Last week Kansas Governor Sam Brownback signed into law Senate Substitute for House Bill 2117, a tax bill that dramatically changes the Kansas income tax structure and makes Kansas a real outlier when it comes to tax fairness. ITEP released a report which finds that the legislation includes a broad tax cut that will cost the state over $760 million a year, and yet will actually increase taxes on some low- and middle-income families – while the wealthiest Kansans will see their taxes reduced by $21,000 on average.
As a result of this legislation, Kansas is now a member of a uniquely regressive tax policy club; it joins Mississippi and Alabama in taxing food, but not offering any targeted tax relief for the poorest families who have to spend a larger portion of their budgets on groceries. Until last week’s bill signing, Kansas offered a Food Sales Tax Rebate (FSTR) that targeted tax relief to Kansans over 55 and those with children and an income less than $35,400. Families with income of less than $17,700 could claim a flat $91 per family member to offset the sales tax they paid on food.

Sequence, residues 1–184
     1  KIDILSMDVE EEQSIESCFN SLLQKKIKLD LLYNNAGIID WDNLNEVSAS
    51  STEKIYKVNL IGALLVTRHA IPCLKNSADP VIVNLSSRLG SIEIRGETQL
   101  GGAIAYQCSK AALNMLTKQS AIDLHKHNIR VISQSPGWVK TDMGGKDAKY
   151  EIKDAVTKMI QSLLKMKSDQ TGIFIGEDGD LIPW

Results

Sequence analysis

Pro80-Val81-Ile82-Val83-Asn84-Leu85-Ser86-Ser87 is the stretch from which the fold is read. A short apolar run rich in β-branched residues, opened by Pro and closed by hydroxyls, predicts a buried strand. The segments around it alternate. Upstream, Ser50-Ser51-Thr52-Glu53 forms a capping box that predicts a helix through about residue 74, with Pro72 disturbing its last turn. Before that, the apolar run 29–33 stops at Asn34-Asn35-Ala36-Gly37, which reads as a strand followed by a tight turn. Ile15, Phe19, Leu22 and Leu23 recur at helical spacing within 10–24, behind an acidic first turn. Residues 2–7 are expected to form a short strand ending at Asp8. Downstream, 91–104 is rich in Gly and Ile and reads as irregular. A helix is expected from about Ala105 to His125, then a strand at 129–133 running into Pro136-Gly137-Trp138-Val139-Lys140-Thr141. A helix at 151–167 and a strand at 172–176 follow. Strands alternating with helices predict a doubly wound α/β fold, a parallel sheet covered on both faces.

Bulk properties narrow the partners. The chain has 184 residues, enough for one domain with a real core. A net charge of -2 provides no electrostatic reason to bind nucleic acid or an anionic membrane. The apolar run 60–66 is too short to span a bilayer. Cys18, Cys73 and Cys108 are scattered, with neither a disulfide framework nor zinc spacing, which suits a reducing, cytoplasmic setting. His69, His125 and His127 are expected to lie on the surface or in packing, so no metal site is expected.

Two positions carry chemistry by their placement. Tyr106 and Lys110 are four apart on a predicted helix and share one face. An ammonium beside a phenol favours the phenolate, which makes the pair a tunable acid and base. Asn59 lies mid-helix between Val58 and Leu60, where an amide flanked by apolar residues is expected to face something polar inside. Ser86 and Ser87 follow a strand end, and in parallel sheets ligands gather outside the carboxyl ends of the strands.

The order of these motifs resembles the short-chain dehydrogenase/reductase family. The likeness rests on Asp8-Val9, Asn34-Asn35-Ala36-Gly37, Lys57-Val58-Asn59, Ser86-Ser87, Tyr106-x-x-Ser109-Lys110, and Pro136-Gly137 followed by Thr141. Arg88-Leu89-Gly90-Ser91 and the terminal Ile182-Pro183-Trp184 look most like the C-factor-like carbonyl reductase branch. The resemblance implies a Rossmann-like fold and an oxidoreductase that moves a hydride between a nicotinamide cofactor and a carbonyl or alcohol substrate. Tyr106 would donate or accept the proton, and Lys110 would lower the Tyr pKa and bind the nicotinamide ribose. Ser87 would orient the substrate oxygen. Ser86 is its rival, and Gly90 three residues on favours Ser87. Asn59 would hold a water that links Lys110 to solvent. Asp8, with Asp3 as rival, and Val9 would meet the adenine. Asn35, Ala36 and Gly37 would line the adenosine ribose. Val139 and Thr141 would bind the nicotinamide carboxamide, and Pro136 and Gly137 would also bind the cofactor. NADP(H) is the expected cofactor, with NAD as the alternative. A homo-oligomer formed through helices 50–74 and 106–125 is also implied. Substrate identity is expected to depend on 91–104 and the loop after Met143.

Even after cutting income tax rates and increasing the standard deduction, a family of four with $17,000 of income will still lose $294 because of the elimination of the food sales tax credit.
For more on the new law and to learn more about the various tax plans that were debated in Kansas this legislative session, check out ITEP’s Kansas Tax Policy Hub.
(Photo courtesy Wikipedia)